I just returned from Afghanistan and will be updating in more detail soon. In the meantime, I have a piece in Friday's Wall Street Journal Europe which you can read here:
OPINION EUROPE MAY 27, 2011
President Obama owes Warsaw his gratitude for Poland's outsized support in the war on terror.
Barack Obama is due to make his first presidential visit to Poland today, as part of his week-long tour through a Europe that is more deeply divided than ever over foreign policy. To the east, Moscow is looking for ways to drive a wedge between Washington and Brussels. To the south, in North Africa, the Arab uprisings are sending immigrants en masse to European shores. And European nations have for years seemed unable to agree on how they feel about their American ally, a sentiment that often appears to be reciprocated from across the Atlantic.
In all this, one of the few constants has been Poland's loyalty to America, even when that commitment has conflicted with Poland's other interests. Yet Mr. Obama's attitude toward the Poles has often seemed oblivious of Poland's sacrifices at best, and dismissive at worst. When Mr. Obama's team scrapped the missile defense plan that Warsaw had agreed with the Bush administration—much to the displeasure of Moscow and Poland's Western European partners—it added insult to injury by doing so on Sept. 17, 2009, the anniversary of Russia's invasion of Poland in 1939.
Let's hope Mr. Obama is better versed in his contemporary Polish history, and uses tonight's working dinner with the heads of Central European states to highlight Poland's outsize efforts in Afghanistan. Today, Poland is one of America's few allies with troops in Afghanistan whose mission, without caveats, is to fight. Poland, unlike Germany and France, deploys its soldiers to the war with the full expectation that they will find and kill enemy combatants. French Foreign Minister Bernard Kouchner was blunt last year in his response to Mr. Obama's call for a troop surge: "We don't want to send more troops to fight."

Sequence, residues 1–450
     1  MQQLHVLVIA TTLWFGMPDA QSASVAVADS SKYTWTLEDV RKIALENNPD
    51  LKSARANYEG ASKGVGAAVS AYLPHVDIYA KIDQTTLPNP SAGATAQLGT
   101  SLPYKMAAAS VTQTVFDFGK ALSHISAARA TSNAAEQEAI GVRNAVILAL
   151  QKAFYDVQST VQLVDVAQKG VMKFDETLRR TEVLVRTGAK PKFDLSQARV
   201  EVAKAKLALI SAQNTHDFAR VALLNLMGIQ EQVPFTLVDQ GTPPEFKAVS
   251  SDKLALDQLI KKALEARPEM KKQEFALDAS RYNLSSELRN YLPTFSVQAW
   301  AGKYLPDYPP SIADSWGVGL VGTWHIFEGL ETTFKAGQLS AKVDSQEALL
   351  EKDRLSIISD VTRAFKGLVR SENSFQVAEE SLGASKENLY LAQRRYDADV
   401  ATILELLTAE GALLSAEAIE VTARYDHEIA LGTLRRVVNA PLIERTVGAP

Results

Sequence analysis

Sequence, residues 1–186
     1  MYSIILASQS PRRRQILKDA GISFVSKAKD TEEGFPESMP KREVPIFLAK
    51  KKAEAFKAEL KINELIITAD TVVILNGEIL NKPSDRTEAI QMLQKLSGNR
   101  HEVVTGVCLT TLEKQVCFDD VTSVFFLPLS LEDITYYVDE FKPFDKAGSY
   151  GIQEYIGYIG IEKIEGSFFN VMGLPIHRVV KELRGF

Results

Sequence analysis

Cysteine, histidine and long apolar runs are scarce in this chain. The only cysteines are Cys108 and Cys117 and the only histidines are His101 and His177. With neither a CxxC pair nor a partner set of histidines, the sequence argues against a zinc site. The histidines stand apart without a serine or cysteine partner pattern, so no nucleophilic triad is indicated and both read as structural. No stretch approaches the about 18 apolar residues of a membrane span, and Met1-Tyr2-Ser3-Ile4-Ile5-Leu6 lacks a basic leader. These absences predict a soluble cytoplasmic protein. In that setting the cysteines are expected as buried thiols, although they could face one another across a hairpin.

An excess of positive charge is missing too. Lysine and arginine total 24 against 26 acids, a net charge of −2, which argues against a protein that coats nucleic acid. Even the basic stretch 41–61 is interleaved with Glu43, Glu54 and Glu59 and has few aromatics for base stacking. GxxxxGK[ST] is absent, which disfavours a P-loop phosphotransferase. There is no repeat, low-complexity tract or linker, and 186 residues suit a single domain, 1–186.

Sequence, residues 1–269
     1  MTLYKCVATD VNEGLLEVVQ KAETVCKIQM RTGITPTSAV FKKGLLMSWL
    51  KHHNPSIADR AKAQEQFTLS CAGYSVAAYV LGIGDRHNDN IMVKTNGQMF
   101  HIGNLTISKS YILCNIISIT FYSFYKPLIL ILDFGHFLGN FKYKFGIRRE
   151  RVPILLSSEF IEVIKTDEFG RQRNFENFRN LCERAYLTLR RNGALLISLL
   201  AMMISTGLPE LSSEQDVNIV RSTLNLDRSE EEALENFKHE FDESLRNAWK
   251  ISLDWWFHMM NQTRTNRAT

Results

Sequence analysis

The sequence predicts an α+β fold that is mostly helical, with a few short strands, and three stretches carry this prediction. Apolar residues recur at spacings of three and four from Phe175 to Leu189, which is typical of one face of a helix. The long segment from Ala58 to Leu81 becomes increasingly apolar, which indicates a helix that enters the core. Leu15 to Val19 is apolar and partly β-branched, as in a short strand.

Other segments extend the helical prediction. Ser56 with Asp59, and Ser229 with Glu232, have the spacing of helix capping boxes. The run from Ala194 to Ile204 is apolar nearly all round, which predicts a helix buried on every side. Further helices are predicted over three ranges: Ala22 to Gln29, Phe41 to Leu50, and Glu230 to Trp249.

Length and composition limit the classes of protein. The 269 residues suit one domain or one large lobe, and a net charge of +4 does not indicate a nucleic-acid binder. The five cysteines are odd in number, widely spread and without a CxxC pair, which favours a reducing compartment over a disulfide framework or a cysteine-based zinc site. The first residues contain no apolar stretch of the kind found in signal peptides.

Poland's troops are as committed to fighting and winning the war as their American allies. For evidence of just how much the U.S. military has come to trust and rely on its Polish colleagues, look no further than Polish Brigadier Gen. Slawomir Wojciechowski, a graduate of the U.S. Army War College in Pennsylvania, who commands an entire U.S. infantry battalion in Afghanistan. "There is no real terrorist threat in Poland," admits Gen. Wojciechowski. "We are here in solidarity with America. That's something that Poles feel strongly."
You can read the rest here.